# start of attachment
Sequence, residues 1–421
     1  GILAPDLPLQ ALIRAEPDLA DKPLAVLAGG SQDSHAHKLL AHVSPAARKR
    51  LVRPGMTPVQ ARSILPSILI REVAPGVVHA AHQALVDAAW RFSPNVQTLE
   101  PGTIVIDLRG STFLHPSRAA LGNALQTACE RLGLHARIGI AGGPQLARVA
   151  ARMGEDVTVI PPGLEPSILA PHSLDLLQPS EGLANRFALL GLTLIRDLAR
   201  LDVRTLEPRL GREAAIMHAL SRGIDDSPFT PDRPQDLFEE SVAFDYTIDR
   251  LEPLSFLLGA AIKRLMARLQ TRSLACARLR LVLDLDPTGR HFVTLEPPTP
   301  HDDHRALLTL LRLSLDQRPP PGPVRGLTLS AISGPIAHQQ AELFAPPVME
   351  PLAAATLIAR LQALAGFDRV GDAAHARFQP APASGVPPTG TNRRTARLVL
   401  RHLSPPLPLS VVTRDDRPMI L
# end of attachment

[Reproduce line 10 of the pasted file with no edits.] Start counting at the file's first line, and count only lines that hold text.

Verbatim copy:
   401  RHLSPPLPLS VVTRDDRPMI L